My angel trumpet has been over fertilized and appears to be dying…leaves are turning yellow & wilted..HELP!!!Is there anything that can save these ??

    July 4, 2009 at 7:55 am
  6. Dick

    I have some impatients in the garden. I noticed one of them appeared to be drying up and dying. The next day, I noticed the next one was doing the same. Now I have four of them in a row. All dying. Any ideas? All of the rest of the impatients are flouishing.

    July 1, 2009 at 9:47 pm
  7. Grumpy Gardener aka His Excellency

    Burn, rabbit, burn!!

    June 27, 2009 at 11:53 am
  8. Vikki

    I just today witnessed a rabbit eat the blooms off of my Steel Blue Thistle. That is the one remaining thistle with blooms. The rabbit already chompped my other thistle in half. I’m off to buy a bottle of Hot Pepper Wax first thing tomorrow.

    June 26, 2009 at 8:26 pm
  9. Grumpy Gardener aka His Excellency

    It should be if you like them spicy. I’m going out for Indian food tonight. Maybe I’ll take a bottle with me.

    June 25, 2009 at 5:11 pm
  10. Jean

    Do you think this would be good on ribs?

    June 25, 2009 at 3:25 pm
  11. Dave

    I don’t doubt it one bit. I grew cayenne peppers last year and made my own deer repellent with it and some other scented leaves like rosemary. The deer didn’t touch anything I sprayed. Of course I didn’t have a wax mixed in to make it last longer. I may have to try this on some Japanese beetles that are bugging me.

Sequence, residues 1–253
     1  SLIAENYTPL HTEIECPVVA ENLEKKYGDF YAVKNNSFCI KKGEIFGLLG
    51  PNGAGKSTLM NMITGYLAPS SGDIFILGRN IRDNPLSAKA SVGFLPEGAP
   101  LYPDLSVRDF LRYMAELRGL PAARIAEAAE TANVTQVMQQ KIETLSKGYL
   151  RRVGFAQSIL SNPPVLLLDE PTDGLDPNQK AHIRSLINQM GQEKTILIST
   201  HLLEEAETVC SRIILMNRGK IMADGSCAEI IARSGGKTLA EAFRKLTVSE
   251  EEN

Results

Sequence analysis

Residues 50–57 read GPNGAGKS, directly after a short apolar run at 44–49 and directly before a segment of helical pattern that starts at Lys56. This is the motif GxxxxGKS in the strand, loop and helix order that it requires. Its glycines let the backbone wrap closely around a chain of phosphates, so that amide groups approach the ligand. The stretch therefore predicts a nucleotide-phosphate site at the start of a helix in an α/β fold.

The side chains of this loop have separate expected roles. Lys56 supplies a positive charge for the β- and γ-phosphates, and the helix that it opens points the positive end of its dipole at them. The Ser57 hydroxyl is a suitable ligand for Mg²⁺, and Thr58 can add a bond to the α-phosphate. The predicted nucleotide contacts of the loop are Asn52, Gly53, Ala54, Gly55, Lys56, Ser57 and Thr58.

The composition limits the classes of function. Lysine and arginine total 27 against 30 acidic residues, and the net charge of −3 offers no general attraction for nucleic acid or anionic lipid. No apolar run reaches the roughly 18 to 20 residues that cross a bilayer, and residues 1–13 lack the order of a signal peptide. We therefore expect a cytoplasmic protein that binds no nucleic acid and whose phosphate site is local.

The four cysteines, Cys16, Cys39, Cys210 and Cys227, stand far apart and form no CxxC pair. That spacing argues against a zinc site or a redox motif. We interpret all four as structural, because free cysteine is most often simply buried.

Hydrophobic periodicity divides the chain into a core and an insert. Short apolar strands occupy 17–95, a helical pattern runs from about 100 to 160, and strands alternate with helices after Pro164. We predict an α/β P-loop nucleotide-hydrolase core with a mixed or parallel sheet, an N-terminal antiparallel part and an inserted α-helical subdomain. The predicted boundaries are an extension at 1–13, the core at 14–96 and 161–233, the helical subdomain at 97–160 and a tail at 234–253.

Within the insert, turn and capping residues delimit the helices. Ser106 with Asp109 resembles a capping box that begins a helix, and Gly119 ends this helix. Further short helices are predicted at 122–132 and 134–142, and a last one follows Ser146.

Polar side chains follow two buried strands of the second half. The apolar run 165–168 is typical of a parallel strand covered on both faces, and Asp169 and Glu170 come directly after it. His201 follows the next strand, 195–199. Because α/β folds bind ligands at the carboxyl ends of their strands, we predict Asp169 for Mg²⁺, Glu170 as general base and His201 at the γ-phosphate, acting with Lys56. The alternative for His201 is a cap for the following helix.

June 25, 2009 at 12:23 pm
  12. Grumpy Gardener aka His Excellency

    Probably not. On the other hand, it would make you a real hottie.

    June 25, 2009 at 7:44 am
  13. BarbeCutie

    I’m guessing I should not use this as a personal insect repellent for when I sit out on the deck and watch The Real Housewives of NJ.

    June 24, 2009 at 6:11 pm
  14. Grumpy Gardener aka His Excellency

    That’s right. Just wash it before eating.

    June 24, 2009 at 11:19 am
  15. Katy

    I guess if you use this on a food producing plant you just have to wash carefully before consuming?

    June 24, 2009 at 11:07 am
  16. Grumpy Gardener aka His Excellency

    Gail,
    The problem with your black-eyed Susans sounds like a leaf spot disease. This disease spreads by splashing water, so avoid getting the leaves wet when you water. Remove and discard all diseased foliage. Then spray your plants according to label directions with a fungicide such as Daconil or Immunox.
    Gail,
    It’s hard to say what when wrong with your gardenias without being able to see them. It could be whiteflies, which feed on the undersides of the leaves. Black mold on the leaves is a sign of their presence. Brush the leaves when you buy new plants. If they have whiteflies, you’ll see them. To control them, spray according to label directions with horticultural oil or a systemic insecticide such as Orthene. Other than that, when you replant make sure your gardenias have fertile, acid, well-drained soil and plenty of sun.

    June 24, 2009 at 10:31 am
  17. Gail

    Three of my beautiful gardinas
    have died. They were about
    4 years old and all of a sudden the leaves started
    turning yellow, then brown
    and then the completly died.
    Any suggestions when I plant
    new ones?

    June 24, 2009 at 9:17 am
  18. Gail

    I need help with my blackeyed
    susans. All the bottom leaves
    have turned brown and are
    dying. What should I use for
    this problem.

    June 24, 2009 at 9:15 am